Tuesday, June 20, 2017

Harvard Doctor Say's Supplements Are Dangerous

The original article posted by Business Insider, was titled "Supplements are more dangerous than other processed foods, according to a Harvard doctor". And I'd say "Yep, you are right if you buy cheap, non-regulated supplements that give no guarantee of potency (meaning what is on the label is in the tablet); purity (lack of toxins or non-intended ingredients); and bio-availability (disintegrates in the gut).

On the back of virtually any bottle of supplements are two words that strike fear into the heart of Pieter Cohen. The words are printed inside a small square on the back of the bottle beneath bold lettering which claims to list the supplement's ingredients: "Proprietary blend." Under the protective umbrella of these two words, a supplement maker does not have to list all of the details of what's in its product, according to Cohen, an assistant professor of medicine at Harvard Medical School.

This "allows companies to put in ingredients without telling us the amounts," says Cohen, who spoke on a recent panel put on by The Forum, an event series organized by the Harvard T. H. Chan School of Public Health. "And those tend to be the higher-risk product." The risks can be serious. Several supplements have been linked with an increase in certain cancers; others have been tied to an elevated risk of kidney stones. Although this research has been widely published, supplements continue to send roughly 20,000 people to the emergency room every year.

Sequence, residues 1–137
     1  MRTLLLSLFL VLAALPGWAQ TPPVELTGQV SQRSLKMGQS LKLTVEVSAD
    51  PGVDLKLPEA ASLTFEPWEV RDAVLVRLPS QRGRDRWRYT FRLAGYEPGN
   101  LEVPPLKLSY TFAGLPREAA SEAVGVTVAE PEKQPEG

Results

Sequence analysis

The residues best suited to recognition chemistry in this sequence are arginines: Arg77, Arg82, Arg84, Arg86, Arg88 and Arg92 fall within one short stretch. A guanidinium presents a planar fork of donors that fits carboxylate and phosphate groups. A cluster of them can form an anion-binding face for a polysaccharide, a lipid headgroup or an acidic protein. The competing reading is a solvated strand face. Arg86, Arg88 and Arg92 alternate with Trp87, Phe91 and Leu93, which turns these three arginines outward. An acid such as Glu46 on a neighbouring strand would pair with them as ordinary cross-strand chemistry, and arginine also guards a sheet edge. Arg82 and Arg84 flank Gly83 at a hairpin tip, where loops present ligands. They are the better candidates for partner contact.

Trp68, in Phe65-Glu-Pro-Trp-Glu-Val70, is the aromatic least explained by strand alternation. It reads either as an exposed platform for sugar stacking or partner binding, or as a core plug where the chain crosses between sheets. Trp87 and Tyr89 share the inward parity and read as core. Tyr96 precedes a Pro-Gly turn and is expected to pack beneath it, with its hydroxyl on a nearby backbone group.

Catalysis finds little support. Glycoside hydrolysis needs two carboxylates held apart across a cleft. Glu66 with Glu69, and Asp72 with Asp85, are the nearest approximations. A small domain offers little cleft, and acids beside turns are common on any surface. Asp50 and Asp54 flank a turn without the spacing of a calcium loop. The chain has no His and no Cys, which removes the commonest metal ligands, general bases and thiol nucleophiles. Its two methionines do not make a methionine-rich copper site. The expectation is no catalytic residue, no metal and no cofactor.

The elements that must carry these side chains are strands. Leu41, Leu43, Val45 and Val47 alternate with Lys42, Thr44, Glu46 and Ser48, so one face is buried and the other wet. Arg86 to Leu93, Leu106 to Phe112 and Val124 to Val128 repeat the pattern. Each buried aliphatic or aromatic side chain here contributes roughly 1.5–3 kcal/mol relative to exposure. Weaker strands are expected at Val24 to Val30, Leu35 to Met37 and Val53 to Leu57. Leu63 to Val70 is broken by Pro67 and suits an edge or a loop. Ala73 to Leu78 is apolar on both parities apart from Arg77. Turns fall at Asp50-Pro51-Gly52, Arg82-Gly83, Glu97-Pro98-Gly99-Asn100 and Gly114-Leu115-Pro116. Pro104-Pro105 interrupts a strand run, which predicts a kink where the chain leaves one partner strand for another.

Cohen likes to compare the safety framework for supplements with that for food. "In food," says Cohen, "they have to meet what's known as the "generally recognized as safe," or GRAS, standard. That’s not the standard for ingredients introduced to supplements. The standard is not anywhere near that level of scrutiny."

There are some laws regulating dietary supplements, however. In 1994, Congress established the Dietary Supplement Health and Education Act (DSHEA) to address the labeling and safety of supplements, and several more recent regulations mandate that manufacturers observe what are known as "good manufacturing practices," or GMPs, including ingredient testing.

MyAchingKnees Comment: Taking supplements that are manufactuered under food grade GMP's don't guarantee you are getting what's on the label; nor if the product is fre of toxins. How many foods, including baby foods, have you see re-calls on? I'll tell you one thing - knowing what I know know, starting this journey of a healthy lifestyle relatively late in my life, I would not consume most of the products off the shelfs of stores,..and I would never, ever take fish oil supplements that were not manufactured by under pharamceutical grade processes.

Under the DSHEA, ingredients listed under the "proprietary blend" category don't have to include information about individual amounts of ingredients in that category. Instead, they only have to list the total amount and list the ingredients within the "blend" in order by their weight. This can be a huge problem when it comes to dosages, as certain amounts of the listed ingredients could have dangerous side effects or negative interactions with prescription drugs. "From a regulatory perspective they’re all presumed to be safe but the reality is many people….are harmed by supplements," says Cohen.

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